By Dr. Ricardo Fuentes, economist, Financial Oversight and Management Board
The Puerto Rico Department of Labor and Human Resources (PRDLHR) published last Friday the results of the monthly Labor Force Survey. Unfortunately, while the agency's publication included various estimates and analysis, most public discussion has focused only on one element of the publication – the reported unemployment rate of 7.3% for July 2020. Focusing solely on that number understates the real extent of economic hardship caused as a result of the pandemic and is insufficient to ascertain the true effect on the Puerto Rico economy.
For example, the 7.3% unemployment rate only reflects the 76,000 individuals who have responded to surveys acknowledging both that they were out of work and actively looking for a job during the past four weeks. Similar to the adjustment made by surveyors in the U.S. states, PRDLHR also included in their monthly report an unemployment rate including those who are furloughed or are temporarily not working due to COVID-19 related reasons. When PRDLHR includes these additional 97,000 individuals, the unemployment rate is 16.6%. That rate is the most comparable to the rate being reported for the U.S. states. It has improved since the onset of the pandemic; however, this 16.6% unemployment rate still represents a significant portion, or 29%, of private sector wage and salary employment. The sectors who have reported the highest lob joss are understandably leisure & hospitality and retail trade.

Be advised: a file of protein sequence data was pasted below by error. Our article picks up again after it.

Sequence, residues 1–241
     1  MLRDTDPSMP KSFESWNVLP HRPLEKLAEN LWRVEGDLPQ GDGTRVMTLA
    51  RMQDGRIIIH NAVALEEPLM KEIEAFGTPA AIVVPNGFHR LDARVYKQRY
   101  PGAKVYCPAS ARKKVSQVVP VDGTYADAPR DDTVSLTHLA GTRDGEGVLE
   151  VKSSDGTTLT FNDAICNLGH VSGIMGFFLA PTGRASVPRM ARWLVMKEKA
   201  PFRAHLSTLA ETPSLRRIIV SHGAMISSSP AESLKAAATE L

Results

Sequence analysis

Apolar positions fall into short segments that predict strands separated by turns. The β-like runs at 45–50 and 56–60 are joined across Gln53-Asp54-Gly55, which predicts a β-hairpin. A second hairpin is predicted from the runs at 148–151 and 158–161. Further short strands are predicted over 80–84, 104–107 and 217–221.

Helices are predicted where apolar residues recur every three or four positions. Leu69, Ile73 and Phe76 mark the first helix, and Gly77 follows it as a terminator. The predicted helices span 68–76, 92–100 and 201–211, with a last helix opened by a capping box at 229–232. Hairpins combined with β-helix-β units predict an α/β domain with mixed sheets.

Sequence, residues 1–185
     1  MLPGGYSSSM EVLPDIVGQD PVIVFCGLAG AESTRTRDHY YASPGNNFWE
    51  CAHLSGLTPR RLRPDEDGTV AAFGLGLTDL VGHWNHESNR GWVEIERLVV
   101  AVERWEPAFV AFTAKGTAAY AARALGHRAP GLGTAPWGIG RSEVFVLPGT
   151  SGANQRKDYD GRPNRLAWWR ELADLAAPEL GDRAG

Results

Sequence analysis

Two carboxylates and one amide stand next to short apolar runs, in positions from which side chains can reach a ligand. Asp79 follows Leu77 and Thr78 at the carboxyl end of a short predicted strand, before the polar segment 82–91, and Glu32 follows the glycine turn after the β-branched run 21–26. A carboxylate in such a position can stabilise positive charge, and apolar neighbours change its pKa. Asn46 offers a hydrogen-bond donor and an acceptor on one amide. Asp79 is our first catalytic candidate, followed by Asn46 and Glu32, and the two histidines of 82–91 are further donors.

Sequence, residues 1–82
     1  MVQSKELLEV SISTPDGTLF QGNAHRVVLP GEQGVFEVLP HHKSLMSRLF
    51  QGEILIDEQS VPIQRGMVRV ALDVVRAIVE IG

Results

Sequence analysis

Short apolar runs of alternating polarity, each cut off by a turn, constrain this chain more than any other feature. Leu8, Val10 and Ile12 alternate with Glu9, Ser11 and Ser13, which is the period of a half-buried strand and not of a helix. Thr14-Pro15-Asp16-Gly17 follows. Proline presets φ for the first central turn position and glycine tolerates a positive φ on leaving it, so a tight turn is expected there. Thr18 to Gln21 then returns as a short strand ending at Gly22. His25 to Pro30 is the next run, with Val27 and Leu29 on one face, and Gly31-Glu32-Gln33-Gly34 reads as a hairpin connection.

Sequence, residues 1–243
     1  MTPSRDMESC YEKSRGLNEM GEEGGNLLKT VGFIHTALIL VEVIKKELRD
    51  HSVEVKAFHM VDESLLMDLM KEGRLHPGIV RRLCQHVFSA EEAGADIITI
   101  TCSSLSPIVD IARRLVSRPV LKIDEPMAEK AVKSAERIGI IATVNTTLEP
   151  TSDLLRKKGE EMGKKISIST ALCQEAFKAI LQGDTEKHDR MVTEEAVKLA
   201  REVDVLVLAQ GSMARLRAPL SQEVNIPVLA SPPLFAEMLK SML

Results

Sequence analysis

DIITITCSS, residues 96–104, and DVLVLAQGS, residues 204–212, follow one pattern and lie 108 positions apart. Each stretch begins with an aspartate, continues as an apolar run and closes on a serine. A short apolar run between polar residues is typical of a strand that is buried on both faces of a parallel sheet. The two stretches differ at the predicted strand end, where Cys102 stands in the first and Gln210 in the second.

Nevertheless, even the 16.6% unemployment rate falls short when trying to gauge the extent of how the pandemic has impacted the labor force. Including those who were partially unemployed, those discouraged from actively seeking employment, and those who were self-employed and unable to work because of the pandemic results in an unemployment rate of over 34%, or about 354,000 individuals. This number is most closely comparable to the projections in the Certified Fiscal Plan for Puerto Rico, which projected 35.8% unemployment for July. Furthermore, as of August 14, approximately 550,000 people were collecting unemployment benefits under one or other of the various available programs. At least one of the new Federal unemployment benefit programs related to COVID enabled many who were not formally in the labor force to claim and receive benefits. In total, this figure is alarming, for it is the equivalent of 53% of the formal labor force, estimated at 1,042,000 individuals as of July, of which 192,000 were employed in the Public Sector.
Which unemployment rate to focus on matters a lot when we are trying to understand the economy now and the implications of various policy choices going forward. For example, understanding the nature and characteristics of those seeking unemployment insurance support should tell us something about what types of workforce development programs we should be developing to give people the skills they need to rejoin the workforce. Understanding the types of employers who were forced to furlough or even downsize their work staff should tell us something about how to craft the small business support programs funded by the CARES Act funding the Government has received. With these objectives in mind, the Oversight Board will continue to analyze in detail the labor market during the pandemic, and calls on all public, private, and academic stakeholders to similarly engage with the available data. The people of Puerto Rico deserve a policy agenda built upon deep analysis to ensure all have an opportunity to recover from the impact the pandemic has had on our lives.
Ricardo Fuentes is the economist of the Financial Oversight and Management Board for Puerto Rico.